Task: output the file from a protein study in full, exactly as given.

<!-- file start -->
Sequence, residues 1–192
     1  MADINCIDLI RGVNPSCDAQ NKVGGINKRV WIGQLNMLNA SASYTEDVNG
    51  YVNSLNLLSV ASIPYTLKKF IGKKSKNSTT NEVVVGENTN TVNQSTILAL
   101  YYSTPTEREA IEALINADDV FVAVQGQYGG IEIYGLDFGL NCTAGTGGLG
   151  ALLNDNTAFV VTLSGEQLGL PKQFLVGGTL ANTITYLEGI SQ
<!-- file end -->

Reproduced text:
Sequence, residues 1–192
     1  MADINCIDLI RGVNPSCDAQ NKVGGINKRV WIGQLNMLNA SASYTEDVNG
    51  YVNSLNLLSV ASIPYTLKKF IGKKSKNSTT NEVVVGENTN TVNQSTILAL
   101  YYSTPTEREA IEALINADDV FVAVQGQYGG IEIYGLDFGL NCTAGTGGLG
   151  ALLNDNTAFV VTLSGEQLGL PKQFLVGGTL ANTITYLEGI SQ